Former Warner Bros. executive Jeff Robinov‘s Studio 8 has secured a major investment from Chinese Conglomerate Fosun International, according to a filing on the Hong Kong Stock Exchange. The filing was made Monday morning in Hong Kong, Sunday evening in the United States.
Robinov has been seeking $300 million in equity for several months, and Fosun will contribute a substantial, if not majority, amount of that figure. According to an individual with knowledge of the deal, the investment is valued at more than $100 million, but the filing does not specify an amount.
Studio 8 will raise as much as $1 billion between equity and debt, according to the same individual. Robinov is still speaking with potential investors in Europe about contributing to the equity side of that equation.
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Robinov had also been in discussions with Huayi Brothers about investing in Studio 8, but the prominent Chinese film company opted not to participate this time around. The two parties may still work together in some capacity given the Huayi Brothers’ distribution capabilities in China.
Fosun is a Shanghai-based company that manages a few different types of business, including industrial operations, insurance, direct investment and asset management. It has already invested in Bona Film Group, a leading Chinese film company.
“The Company is optimistic about the future prospects of the Chinese film industry,” the company said in its filing. “Through the Transaction, the Company hopes to introduce Hollywood’s advanced and sophisticated film making expertise and technique, movie concept and technology and complete production and publication systems into the China market, in order to drive the development of the Chinese film industry.”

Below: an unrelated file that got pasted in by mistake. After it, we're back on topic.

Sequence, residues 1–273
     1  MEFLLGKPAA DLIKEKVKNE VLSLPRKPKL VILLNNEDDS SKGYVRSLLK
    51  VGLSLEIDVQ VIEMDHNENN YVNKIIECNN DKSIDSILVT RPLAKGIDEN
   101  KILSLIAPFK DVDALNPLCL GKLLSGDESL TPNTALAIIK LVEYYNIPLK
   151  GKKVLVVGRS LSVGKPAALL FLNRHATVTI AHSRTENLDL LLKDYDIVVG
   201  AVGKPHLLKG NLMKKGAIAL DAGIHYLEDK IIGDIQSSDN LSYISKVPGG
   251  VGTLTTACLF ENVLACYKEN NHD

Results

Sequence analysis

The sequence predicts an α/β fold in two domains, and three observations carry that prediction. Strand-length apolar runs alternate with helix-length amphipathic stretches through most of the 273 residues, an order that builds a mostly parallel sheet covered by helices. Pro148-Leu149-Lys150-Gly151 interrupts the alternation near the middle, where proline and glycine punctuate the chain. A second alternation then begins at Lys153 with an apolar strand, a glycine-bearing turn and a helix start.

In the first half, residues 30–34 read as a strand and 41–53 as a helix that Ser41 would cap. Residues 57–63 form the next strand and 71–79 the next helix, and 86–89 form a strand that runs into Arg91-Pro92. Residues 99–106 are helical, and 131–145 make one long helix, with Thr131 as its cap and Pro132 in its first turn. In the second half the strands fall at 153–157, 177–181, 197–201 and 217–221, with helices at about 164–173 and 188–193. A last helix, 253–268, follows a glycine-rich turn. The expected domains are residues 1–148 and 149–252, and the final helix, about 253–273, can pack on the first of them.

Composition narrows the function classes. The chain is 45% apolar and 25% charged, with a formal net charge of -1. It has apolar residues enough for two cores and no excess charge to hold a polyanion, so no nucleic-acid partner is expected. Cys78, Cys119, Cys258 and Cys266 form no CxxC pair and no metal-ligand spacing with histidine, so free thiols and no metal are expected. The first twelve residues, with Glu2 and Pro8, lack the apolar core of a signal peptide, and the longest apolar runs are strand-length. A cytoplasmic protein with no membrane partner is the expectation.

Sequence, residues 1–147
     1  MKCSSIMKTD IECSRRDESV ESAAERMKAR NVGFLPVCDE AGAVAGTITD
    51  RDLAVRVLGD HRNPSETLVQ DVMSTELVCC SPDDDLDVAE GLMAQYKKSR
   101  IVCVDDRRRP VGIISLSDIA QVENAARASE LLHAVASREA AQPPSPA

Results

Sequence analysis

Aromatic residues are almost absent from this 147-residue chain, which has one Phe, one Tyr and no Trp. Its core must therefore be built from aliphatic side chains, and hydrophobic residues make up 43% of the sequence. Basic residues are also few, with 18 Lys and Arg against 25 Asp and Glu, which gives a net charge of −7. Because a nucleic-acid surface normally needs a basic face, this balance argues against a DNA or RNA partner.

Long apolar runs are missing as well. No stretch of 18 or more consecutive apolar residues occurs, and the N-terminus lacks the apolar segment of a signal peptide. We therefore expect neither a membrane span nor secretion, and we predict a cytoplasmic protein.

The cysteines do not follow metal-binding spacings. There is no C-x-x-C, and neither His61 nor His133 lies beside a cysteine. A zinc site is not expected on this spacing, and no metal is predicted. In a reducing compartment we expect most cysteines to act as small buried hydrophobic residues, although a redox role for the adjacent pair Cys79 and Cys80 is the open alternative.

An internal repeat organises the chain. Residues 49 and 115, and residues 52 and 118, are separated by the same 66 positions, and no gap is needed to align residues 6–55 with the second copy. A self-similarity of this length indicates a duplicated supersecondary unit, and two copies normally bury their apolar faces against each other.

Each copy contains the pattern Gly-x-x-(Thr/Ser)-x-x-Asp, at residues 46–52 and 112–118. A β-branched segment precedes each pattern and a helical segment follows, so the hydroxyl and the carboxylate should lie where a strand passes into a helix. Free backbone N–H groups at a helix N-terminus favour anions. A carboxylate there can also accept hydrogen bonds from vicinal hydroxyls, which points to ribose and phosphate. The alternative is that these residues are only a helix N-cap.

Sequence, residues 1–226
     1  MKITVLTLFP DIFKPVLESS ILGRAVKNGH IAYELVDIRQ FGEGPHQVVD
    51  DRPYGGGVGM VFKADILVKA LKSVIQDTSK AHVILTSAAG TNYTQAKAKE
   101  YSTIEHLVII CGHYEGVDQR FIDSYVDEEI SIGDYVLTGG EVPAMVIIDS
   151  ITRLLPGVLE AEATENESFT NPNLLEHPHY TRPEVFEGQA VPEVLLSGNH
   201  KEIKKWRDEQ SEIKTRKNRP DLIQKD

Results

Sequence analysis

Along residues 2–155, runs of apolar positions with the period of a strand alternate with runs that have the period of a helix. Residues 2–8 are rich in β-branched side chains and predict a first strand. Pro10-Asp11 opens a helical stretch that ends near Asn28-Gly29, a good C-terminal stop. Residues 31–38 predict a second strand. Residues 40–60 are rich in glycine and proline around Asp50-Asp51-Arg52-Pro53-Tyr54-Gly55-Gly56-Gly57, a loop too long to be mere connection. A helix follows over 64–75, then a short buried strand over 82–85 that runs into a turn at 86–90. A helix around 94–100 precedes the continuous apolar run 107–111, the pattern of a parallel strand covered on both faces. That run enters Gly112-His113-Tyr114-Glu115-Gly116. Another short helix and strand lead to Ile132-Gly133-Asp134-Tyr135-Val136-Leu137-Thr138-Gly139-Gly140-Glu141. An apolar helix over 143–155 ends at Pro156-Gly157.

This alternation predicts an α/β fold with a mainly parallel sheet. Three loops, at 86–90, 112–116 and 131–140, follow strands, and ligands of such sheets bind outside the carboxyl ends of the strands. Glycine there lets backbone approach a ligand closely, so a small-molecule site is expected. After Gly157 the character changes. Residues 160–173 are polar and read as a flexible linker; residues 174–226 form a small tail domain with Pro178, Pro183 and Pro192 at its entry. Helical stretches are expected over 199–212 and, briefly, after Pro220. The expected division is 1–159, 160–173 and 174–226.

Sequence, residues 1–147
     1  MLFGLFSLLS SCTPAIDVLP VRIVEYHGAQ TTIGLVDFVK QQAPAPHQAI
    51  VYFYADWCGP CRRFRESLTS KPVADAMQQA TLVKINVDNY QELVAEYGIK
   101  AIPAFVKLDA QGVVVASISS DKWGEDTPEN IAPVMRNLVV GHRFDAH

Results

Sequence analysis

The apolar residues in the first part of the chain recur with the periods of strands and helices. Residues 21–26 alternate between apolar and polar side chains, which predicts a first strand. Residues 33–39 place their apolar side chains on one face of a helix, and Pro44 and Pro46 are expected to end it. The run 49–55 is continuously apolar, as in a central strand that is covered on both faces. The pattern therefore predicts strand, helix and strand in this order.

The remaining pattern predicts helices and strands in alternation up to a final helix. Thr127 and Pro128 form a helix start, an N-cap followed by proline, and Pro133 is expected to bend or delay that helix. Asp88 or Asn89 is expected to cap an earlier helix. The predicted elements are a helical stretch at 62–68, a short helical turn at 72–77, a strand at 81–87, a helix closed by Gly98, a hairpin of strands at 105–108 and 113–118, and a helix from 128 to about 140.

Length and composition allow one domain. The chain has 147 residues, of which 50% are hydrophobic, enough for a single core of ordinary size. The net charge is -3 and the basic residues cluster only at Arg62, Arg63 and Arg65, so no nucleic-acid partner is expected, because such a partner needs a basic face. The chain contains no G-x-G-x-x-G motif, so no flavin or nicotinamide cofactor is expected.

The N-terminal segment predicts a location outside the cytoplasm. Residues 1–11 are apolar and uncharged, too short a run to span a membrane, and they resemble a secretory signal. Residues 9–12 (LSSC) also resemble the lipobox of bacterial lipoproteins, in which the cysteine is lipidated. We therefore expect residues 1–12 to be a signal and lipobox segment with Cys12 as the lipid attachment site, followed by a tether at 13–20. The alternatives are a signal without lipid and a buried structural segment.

Robinov has partnered with a Chinese conglomerate at a time when the Chinese film market is more important than ever before. It is now the second largest market in the world after the United States, and many experts project it will surpass the U.S. within the next decade.
Robinov’s alliance with Fosun could help Studio 8’s movies secure distribution in China, a pursuit that has vexed most American distributors. In its press release announcing the investment, Fosun said it will “exercise significant influence over the distribution arrangements” for Studio 8’s movies in mainland China, Hong Kong, Macau and Taiwan.
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“Both China and the U.S. possess the film markets with the most influence and potential and we are excited to unite the markets, teams, technologies and respective advantages and work together on building a number of top-level films including co-production films between China and other countries,” Robinov said in a statement.
Robinov and Sony have been working on a separate deal under which Sony would distribute Studio 8’s movies. Studio 8 would develop, produce and finance its projects, a deal similar to DreamWorks’ deal with Disney.
Robinov would have the right to greenlight his own projects, according to an individual who has spoken with him about it, reserving creative control that he might not have had in a job at another studio.
Robinov worked at Warner Bros. for 16 years, the last six atop the motion picture group, and is known to have strong relationships with filmmakers such as Ben Affleck, Todd Phillips and Alfonso Cuaron. He formed Studio 8 after his messy exit from the studio last summer., a move that became inevitable after Time Warner CEO Jeff Bewkes passed Robinov over for the job of Warner Bros. CEO.